Young and Jason Carter joined other friends and admirers in a celebration of the former president along Jimmy Carter Boulevard in suburban Norcross, just northeast of Atlanta, on Tuesday. In one of America’s most racially and ethnically diverse suburban areas — reflecting the former president’s larger legacy as a person who pursued peace, conflict resolution and racial equality, Young said.

When a nearly 10-mile stretch of highway in Gwinnett County was named in 1976 — the year he was elected president — small towns and bedroom communities on the edge of metropolitan Atlanta were just beginning to boom. Now, Gwinnett alone has a population of nearly 1 million people, and Jimmy Carter Boulevard is thriving, with many businesses owned by black owners, immigrants or first-generation Americans.

Young, a top aide to the Rev. Martin Luther King Jr. during the civil rights movement, said Carter started out as a white politician from South Georgia during the days of Jim Crow segregation, but he proved his values ​​were different.

As governor and president, Carter believed that “the world could come to Georgia and show everybody how to live together,” Young said.

Now, Georgia “looks like the whole world,” Young, 91, said.

Nicole Love Hendrickson, elected as the first black chair of the Gwinnett County Board of Commissioners in 2020, praised Carter as “a man of exceptional respect for the humanity of others.”

Pointing to Carter’s landslide re-election defeat, Young said he personally sought out the success stories of historians and others as they reassessed Carter’s presidency — handing over control of the Panama Canal, creating a national energy strategy, engaging more in Africa than any U.S. president. . Such achievements were either unpopular at the time or were overshadowed by Carter’s inability to control inflation, the energy crisis, or release American hostages in Iran before the 1980 election.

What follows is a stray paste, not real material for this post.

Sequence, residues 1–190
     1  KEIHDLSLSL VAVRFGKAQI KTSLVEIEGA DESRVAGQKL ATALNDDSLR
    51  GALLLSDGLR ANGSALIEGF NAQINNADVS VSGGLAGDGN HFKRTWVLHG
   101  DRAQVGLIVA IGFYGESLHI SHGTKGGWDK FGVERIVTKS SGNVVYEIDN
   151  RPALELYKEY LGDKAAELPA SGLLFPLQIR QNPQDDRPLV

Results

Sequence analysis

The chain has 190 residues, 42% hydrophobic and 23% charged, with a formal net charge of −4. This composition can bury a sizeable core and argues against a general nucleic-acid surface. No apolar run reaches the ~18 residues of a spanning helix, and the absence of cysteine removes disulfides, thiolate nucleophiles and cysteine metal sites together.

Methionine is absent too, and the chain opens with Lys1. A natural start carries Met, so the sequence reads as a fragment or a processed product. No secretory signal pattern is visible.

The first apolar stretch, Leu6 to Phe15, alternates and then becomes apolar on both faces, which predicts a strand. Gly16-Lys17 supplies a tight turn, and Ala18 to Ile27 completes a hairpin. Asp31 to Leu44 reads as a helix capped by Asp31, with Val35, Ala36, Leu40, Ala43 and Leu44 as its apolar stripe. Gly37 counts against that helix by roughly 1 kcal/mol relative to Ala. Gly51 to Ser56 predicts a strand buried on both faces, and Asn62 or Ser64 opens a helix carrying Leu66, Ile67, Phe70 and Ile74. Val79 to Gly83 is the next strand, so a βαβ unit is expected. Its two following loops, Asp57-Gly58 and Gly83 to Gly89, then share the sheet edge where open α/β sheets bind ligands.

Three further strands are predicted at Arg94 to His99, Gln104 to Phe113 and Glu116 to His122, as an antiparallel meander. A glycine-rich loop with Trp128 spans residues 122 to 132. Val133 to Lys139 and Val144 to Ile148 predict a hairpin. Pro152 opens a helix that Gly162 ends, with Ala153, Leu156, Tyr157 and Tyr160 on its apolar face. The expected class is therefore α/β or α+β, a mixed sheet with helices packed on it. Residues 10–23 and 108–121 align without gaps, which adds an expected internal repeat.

“I told him, ‘You know, it took them over 50 years to appreciate President Lincoln. It might take that long to appreciate you,’ ” Young said.

“Nobody was thinking about the Panama Canal. Nobody was thinking about bringing Egypt and Israel together. I mean, I was thinking about trying to do something in Africa, but there was nobody else in Washington, and he did. He always had an idea. About everything.”

Still, when Jason Carter addressed his grandparents’ fans on Tuesday, he argued against thinking of them as global celebrities.

“They’re just like all of your grandparents — I mean, your grandparents are rednecks from South Georgia,” she said with a laugh. “If you go there today, they have a little rack next to their sink where they dry ziplock bags.”

Most notably, Jason Carter said, such a rally took place while his grandfather was still alive.

“We thought it was very close to the end when he went into hospice,” he told attendees. “Now, I’m going to tell you, he’ll be 99 in October.”